November 12, 2014
Author Address: Kecioren Training and Research Hospital, Department of General Surgery, Ankara, Turkey.
Reference Type: Journal Article
Record Number: 4625Author: Cacopardo, B., Pinzone, M., Berretta, S., Fisichella, R., Di Vita, M., Zanghi, G., Cappellani, A., Nunnari, G. and Zanghi, A.
Title: Localized and systemic bacterial infections in necrotizing pancreatitis submitted to surgical necrosectomy or percutaneous drainage of necrotic secretions
Journal: BMC Surg
Volume: 13 Suppl 2
Short Title: Localized and systemic bacterial infections in necrotizing pancreatitis submitted to surgical necrosectomy or percutaneous drainage of necrotic secretions
Alternate Journal: BMC surgery
ISSN: 1471-2482 (Electronic)
Accession Number: 24267612
Keywords: Bacterial Infections/epidemiology/*surgery
Pancreatitis, Acute Necrotizing/*microbiology/*surgery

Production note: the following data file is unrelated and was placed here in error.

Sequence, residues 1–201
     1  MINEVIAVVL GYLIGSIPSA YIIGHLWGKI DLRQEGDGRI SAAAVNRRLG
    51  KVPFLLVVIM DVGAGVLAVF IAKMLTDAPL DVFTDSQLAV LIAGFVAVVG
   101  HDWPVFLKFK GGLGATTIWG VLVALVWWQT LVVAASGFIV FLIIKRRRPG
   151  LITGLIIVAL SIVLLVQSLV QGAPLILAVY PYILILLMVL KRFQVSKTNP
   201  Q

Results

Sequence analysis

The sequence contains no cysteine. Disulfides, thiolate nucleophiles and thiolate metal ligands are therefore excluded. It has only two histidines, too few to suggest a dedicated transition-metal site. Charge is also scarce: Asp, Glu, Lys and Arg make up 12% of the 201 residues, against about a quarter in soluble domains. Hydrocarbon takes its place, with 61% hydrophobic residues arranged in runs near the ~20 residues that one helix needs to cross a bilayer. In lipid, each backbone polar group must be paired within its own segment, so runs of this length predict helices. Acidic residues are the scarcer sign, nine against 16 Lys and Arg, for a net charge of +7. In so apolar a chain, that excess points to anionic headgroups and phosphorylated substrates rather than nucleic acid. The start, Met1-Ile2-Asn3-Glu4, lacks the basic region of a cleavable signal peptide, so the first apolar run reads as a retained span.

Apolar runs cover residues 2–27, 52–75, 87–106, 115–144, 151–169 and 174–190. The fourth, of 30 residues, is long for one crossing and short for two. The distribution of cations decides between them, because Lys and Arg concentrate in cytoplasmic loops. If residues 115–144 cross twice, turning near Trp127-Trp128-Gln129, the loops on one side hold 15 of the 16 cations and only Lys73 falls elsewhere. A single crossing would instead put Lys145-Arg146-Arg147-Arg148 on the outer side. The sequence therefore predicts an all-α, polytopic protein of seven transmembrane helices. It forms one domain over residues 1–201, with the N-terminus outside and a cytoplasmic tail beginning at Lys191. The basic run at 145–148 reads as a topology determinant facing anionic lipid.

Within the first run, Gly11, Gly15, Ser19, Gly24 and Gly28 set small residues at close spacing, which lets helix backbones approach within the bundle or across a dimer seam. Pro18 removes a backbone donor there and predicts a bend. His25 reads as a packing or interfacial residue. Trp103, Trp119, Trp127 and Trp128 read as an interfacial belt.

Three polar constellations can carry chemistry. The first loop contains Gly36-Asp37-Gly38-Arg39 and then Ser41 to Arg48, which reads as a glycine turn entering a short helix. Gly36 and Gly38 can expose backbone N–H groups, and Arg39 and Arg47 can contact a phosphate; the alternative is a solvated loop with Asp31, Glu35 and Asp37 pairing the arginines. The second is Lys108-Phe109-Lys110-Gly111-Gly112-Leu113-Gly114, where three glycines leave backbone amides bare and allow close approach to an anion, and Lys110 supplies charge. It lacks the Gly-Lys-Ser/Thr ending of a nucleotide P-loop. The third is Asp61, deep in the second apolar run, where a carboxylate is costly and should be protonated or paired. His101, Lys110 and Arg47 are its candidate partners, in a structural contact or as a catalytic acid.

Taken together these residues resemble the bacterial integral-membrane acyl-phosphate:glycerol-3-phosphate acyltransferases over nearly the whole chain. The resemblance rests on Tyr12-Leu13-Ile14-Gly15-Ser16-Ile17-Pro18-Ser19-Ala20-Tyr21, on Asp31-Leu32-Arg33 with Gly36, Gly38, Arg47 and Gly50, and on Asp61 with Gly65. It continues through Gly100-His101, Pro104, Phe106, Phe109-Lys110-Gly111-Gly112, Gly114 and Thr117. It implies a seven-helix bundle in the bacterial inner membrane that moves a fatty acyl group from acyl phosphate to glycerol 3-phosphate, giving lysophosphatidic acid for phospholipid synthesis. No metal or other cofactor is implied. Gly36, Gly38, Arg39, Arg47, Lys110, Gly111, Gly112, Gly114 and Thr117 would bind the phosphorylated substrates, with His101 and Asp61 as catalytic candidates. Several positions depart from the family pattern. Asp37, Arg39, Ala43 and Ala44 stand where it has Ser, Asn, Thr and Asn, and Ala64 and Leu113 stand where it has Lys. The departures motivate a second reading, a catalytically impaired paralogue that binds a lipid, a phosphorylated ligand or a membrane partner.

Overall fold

Abstract: BACKGROUND: Infectious complications are observed in 40-70% of all patients with severe acute pancreatitis. Infections are associated with a significant increase in mortality rates. METHODS: We evaluated the prevalence and characteristics of pancreatic and systemic infections in 46 patients with necrotizing pancreatitis submitted to surgical procedures during their hospital stay as well as the impact of such infectious complications on patient clinical outcome. Samples for microbiological cultures were taken at hospital admission from blood and bile and 2 days after invasive procedure from blood, drainage fluid, bile and necrotic tissues. RESULTS: 74% patients with necrotizing pancreatitis had a localized or systemic infection. At admission, 15% of subjects had positive blood cultures whereas 13% had evidence of bacterial growth from bile cultures. Two days after the invasive procedures for removal of necrotic materials and fluids, blood cultures became positive in 30% of patients in spite of antibiotic prophylaxis and bile cultures resulted positive in 22% of cases. Furthermore, bacterial growth from drainage fluids was found in 30% and from homogenized necrotic material in 44% of cases. As refers to bacterial isolates, all patients had a monomicrobial infection. Carbapenems were the drugs with the best sensitivity profile. CONCLUSIONS: Infectious complications significantly increase mortality in patients with necrotizing pancreatitis. In addition, subjects with systemic infections developed more complications and demonstrated a higher mortality rate in comparison with those having a localized infection. In our study, the sensitivity pattern of the isolated microorganisms suggests to consider carbapenems as the best option for empirical treatment in patients with necrotizing pancreatitis who develop a clear-cut evidence of systemic or localized bacterial infection.